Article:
It usually kicks in as early as September. Slowly, the breeze gets cooler, malls start playing familiar carols, the spirit of nostalgia starts setting in, and the next thing you know, it’s Christmas. That’s how it is in the Philippines. We all grew up in homes lit with parols, Christmas trees, filled with presents, puto bumbong and bibingka sold on the streets, and the queen of it all, the Noche Buena feast. It’s a season that we all look forward to, and a tradition that we could not dismiss – like it’s a part of our DNA.
The Filipino Christmas is uniquely its own. We have claimed the season as ours through the influences of those who have colonized us, mixed with what our ancestors have practiced before them.
Celebrity chef, author, and culinary heritage advocate Tatung Sarthou shares that, “Christmas is rooted in Christian celebrations. Through the centuries, these religious practices have fused with indigenous rituals to become more relevant and relatable to the natives. When the Americans came, Christmas adopted a new persona with commercialism through gift giving and the use of canned goods in the Noche Buena repertoire. Images based on Hollywood movies and songs also took over our view of Christmas with Filipinos dreaming of white Christmases and decorating their homes with faux snow.”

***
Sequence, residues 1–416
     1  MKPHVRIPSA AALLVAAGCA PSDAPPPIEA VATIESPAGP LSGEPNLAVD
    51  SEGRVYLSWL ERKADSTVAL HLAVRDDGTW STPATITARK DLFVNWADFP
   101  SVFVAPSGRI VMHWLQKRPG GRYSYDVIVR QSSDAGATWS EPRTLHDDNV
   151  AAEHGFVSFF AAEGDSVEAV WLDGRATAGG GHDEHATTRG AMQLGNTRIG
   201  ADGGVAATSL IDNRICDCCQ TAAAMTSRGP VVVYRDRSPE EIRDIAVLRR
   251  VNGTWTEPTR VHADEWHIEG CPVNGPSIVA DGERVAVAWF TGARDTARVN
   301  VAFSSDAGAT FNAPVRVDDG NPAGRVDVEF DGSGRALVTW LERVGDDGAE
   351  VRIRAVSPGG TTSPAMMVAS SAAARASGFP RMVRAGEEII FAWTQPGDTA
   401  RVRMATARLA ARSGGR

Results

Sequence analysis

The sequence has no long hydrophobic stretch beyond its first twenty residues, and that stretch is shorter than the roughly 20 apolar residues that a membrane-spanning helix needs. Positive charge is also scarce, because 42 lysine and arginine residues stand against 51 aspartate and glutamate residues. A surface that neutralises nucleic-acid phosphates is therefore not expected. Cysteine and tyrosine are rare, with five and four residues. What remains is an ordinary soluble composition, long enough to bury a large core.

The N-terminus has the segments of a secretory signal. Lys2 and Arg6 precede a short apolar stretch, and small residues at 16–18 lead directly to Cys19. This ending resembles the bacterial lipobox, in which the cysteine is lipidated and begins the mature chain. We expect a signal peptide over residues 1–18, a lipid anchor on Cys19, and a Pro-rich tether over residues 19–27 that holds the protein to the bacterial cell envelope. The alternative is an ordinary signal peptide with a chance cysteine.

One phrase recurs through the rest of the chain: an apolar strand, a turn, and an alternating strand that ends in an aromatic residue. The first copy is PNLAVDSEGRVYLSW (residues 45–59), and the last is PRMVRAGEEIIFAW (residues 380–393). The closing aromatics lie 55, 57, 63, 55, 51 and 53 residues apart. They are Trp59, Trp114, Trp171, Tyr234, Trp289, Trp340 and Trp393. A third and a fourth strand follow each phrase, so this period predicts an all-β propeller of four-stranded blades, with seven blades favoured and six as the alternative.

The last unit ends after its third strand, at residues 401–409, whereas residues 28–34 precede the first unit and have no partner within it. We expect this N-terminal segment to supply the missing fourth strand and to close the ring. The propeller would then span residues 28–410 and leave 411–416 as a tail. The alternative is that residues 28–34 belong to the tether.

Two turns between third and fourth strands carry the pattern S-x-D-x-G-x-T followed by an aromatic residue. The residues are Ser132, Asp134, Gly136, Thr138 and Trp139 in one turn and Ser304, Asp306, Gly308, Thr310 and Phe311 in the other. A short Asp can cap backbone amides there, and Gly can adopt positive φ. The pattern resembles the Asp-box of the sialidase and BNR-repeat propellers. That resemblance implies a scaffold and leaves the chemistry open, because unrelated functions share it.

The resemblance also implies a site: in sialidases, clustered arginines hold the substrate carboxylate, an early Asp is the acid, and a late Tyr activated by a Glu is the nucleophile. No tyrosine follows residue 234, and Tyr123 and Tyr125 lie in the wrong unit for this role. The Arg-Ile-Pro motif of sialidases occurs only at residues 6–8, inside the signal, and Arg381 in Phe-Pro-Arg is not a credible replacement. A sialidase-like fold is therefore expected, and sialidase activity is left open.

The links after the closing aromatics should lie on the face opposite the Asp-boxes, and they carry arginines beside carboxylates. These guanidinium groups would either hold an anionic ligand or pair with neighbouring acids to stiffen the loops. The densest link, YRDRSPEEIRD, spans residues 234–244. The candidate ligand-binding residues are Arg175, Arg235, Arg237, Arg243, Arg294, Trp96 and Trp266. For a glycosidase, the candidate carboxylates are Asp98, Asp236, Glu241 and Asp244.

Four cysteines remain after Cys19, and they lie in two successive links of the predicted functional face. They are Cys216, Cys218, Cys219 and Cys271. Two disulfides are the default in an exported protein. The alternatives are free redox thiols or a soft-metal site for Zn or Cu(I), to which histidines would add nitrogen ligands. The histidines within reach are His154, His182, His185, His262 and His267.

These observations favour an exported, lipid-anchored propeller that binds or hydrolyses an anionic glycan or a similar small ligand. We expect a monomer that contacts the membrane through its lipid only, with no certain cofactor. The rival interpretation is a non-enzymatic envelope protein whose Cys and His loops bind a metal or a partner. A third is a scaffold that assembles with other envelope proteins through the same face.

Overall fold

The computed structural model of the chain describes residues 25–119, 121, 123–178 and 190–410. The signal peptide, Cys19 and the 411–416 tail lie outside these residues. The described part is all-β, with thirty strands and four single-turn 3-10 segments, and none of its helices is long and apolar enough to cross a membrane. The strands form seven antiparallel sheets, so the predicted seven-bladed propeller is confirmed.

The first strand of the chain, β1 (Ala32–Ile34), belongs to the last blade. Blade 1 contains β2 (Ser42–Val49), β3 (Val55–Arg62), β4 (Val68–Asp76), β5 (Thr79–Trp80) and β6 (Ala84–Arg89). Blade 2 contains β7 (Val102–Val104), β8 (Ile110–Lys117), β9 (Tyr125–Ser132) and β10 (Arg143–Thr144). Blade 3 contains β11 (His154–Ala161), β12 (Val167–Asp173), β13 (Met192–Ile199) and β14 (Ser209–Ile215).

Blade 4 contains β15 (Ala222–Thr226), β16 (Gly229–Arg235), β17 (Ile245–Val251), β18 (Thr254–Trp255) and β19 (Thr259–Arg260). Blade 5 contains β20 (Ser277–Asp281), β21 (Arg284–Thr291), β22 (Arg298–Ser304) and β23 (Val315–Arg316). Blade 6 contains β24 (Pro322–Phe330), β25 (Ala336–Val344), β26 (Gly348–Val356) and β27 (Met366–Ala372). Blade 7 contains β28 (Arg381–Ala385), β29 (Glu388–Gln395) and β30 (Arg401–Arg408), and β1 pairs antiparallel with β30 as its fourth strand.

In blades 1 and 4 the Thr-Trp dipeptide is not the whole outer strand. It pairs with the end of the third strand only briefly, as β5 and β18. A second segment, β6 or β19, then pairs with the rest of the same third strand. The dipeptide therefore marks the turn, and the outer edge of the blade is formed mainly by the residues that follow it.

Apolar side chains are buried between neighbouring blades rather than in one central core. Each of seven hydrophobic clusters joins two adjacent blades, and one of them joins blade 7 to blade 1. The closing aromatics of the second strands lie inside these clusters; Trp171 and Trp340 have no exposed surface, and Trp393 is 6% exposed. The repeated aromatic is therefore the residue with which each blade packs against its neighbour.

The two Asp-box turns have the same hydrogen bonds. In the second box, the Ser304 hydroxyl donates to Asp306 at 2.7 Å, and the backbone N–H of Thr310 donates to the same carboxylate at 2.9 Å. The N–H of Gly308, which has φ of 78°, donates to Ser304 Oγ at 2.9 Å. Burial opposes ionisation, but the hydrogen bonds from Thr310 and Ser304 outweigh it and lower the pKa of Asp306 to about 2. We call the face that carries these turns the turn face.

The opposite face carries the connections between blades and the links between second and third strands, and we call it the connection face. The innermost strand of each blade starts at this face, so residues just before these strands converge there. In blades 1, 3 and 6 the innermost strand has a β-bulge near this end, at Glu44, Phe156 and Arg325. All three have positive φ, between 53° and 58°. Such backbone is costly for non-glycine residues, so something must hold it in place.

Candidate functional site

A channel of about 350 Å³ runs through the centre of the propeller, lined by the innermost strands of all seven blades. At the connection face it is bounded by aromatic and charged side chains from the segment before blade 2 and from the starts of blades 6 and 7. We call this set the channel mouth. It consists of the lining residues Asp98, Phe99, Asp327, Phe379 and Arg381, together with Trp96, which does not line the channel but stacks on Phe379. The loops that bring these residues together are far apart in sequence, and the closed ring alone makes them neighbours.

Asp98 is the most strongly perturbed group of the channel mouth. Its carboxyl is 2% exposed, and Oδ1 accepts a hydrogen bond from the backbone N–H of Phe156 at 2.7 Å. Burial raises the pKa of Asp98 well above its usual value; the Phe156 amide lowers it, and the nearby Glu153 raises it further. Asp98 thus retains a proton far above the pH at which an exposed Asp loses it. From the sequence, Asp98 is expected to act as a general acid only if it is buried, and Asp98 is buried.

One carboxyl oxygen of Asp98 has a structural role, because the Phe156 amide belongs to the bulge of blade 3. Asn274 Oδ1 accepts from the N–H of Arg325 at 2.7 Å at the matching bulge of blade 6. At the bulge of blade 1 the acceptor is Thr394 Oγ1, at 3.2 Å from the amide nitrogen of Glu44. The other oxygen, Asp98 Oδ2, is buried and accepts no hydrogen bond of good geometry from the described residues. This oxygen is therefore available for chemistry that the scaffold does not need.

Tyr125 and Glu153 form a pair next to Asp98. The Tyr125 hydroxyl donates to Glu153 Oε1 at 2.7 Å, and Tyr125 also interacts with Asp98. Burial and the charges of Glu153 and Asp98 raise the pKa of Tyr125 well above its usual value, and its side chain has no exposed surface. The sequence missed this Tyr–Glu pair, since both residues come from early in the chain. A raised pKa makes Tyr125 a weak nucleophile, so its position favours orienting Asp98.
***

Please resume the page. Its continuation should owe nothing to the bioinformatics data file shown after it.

As you look closely, each influence may be exponentially different: religious observations from the Spanish times, commercial images of Santa Claus and Christmas morning gift giving from the west, and traditional practices from our natives, but one thing remains the same for all of them, and it’s that Christmas is meant to bring families together through gatherings and beloved food.
ALWAYS A FEAST
The practices of Christmas are deeply etched in our being that, no matter how old we are and no matter how far we’ve gone, when we read “ber” on the name of the month, or when we hear the hymns of Jose Marie Chan in the distant background, we instantaneously remember the Noche Buena of Christmases past. We imagine our parents hurrying to finish trying the jamon, or that we still have to stuff the fruit salad into the freezer before guests start arriving. We remember the joys of being around the dinner table, surrounded by loved ones. We could taste the succulent lechon, or the meaty morcon. We could hear the chatter and the laughter shared over food that will always mean Christmas to us.
The decorations may be up late, the Christmas lights might be busted, presents may have been forgotten, but the memories that built the tradition of Christmas will remain. The celebrations may have changed over the years, but Christmas is and all always will be about family, friends, and a good Noche Buena feast.
Excerpt from Breakfast Magazine December-January 2018 issue